Suns extend stadium lease

November 25, 2002|by SCOTT BUTKI

HAGERSTOWN - The Hagerstown Suns will be around for at least one more baseball season. After that, the future is unknown because the team needs a new stadium, Suns owner Andrew Rayburn said Friday.

Rayburn has extended a one-year lease with the city for use of the city-owned Municipal Stadium. The lease expires Dec. 31, 2003.

The Suns are not currently involved in any negotiations about funding a new stadium to replace Municipal Stadium, he said.

Without construction of a new stadium - or renovation of the existing stadium - he likely will move the team elsewhere, he said.


Rayburn said he has talked with "roughly five" other cities about moving the team. He will not identify the cities.

None of the cities has offered any deals or incentives for the Suns to move there, he said.

He would ask of those cities the same request he is making locally: That local government help fund construction of a new stadium.

As is normally the case with minor league baseball teams, the funding for a proposed new stadium would be partial government funding and partial private funding with the owner also making some contribution, he said.

Most new stadiums for the other Class A South Atlantic League teams cost between $10 million and $25 million, he said.

He does not have a particular cost estimate in mind for a new stadium here or elsewhere although it would be less than $20 million, he said. He has also not determined how much money he would want from the city, county and state governments, he said.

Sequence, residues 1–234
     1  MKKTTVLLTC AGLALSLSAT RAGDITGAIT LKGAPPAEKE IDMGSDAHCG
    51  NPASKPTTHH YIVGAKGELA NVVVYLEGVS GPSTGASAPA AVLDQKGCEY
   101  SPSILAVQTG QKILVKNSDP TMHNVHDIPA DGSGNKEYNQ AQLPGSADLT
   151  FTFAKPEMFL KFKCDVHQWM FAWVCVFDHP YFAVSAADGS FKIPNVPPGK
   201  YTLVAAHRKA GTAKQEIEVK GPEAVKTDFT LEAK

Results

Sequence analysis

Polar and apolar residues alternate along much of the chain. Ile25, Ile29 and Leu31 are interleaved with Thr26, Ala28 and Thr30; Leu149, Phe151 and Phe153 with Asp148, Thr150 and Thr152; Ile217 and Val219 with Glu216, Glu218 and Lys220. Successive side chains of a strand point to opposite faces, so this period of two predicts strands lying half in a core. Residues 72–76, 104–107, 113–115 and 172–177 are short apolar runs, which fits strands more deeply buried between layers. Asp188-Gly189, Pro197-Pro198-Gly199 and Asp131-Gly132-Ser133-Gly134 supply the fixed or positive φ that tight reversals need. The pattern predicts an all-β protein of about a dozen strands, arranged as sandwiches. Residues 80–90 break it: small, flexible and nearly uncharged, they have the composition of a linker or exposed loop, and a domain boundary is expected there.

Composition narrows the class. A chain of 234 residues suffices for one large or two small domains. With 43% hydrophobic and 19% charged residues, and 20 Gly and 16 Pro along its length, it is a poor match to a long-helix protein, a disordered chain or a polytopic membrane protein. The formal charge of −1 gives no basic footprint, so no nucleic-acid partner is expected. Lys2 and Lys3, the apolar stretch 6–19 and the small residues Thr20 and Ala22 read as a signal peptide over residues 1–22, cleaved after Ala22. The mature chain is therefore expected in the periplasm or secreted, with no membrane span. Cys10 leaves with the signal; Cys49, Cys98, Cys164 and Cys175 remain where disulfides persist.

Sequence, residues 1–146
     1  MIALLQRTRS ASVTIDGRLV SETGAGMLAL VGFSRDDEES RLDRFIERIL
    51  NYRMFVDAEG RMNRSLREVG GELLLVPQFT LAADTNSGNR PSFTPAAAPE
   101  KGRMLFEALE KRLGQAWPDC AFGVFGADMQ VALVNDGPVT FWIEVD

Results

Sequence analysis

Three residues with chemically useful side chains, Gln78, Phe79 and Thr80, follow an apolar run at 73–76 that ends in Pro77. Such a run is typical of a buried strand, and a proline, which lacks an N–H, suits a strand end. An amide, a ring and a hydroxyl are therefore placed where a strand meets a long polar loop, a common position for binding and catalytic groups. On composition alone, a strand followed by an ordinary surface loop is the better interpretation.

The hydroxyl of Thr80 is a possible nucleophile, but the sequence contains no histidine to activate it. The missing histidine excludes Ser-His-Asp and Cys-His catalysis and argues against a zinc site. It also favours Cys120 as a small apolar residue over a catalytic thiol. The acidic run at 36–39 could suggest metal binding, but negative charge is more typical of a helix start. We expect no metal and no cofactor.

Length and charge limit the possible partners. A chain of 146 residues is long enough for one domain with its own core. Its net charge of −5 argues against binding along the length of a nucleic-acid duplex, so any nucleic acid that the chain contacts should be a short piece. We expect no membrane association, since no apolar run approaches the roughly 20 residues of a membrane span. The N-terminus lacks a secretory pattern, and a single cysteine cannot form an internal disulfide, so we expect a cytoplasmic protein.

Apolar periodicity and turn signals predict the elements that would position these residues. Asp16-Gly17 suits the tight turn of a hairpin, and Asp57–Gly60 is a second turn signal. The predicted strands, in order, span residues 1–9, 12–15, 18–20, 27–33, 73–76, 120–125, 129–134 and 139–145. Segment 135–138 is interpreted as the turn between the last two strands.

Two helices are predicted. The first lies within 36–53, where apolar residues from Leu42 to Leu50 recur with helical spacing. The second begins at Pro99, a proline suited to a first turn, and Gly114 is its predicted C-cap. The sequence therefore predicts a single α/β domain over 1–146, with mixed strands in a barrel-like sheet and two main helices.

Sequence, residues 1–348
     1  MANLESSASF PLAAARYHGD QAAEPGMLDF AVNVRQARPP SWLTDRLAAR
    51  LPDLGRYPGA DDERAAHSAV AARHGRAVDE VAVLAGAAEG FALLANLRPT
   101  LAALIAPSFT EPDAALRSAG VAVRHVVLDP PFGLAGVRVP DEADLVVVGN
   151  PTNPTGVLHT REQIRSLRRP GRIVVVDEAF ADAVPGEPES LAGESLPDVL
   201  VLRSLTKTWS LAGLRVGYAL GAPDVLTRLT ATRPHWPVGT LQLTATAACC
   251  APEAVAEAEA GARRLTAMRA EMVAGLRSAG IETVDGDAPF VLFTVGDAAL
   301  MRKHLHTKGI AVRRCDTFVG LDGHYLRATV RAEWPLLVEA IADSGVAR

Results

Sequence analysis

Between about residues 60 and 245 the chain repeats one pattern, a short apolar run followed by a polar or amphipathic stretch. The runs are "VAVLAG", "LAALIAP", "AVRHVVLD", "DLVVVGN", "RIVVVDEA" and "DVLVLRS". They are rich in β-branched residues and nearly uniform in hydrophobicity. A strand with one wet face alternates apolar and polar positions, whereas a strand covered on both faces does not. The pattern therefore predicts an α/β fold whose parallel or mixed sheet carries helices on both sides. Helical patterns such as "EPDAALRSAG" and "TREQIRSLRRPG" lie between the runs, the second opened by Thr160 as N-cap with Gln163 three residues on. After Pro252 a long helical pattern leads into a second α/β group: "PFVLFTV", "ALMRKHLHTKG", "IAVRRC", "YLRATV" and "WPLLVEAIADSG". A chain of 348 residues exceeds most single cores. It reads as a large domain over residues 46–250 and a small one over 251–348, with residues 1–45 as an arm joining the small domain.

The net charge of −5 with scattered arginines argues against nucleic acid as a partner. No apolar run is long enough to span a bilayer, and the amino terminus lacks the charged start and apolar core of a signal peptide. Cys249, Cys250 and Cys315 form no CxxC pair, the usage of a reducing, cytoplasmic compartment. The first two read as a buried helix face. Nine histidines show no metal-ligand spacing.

If another city offers to build the Suns a new stadium, he would tell Hagerstown officials about that offer before making a decision, Rayburn said.

"If we get a terrific offer, we would run it by the city," he said.

With the Nov. 5 election, the voters elected five Republican candidates, the majority of whom have said they oppose using tax dollars to pay for the stadium.

Rayburn said he is not giving up on getting county financial support for a new stadium and plans to try to take each of the commissioners, particularly the new ones, to Suns games next season.

Newly elected Councilman John C. Munson said he would never support a county-funded stadium.

"I've never been to a ball game in my life," Munson said earlier this month.

"I am taking him to a game and I'm not taking 'no' for an answer," Rayburn said Friday.

If a new stadium is built here, he would prefer it happen at property off Interstate 81 near Salem Avenue because it could draw from a larger area than the current location, he said.

He also is open to the possibility of renovating the existing stadium but he is less enthusiastic about that possibility, he said.

Rayburn owns Big Game Capital, a company based near Cleveland. He also owns the Daytona Cubs, a Class A team in the Florida State League.

He bought the Suns in June 2001 for an undisclosed amount from Winston Blenckstone.

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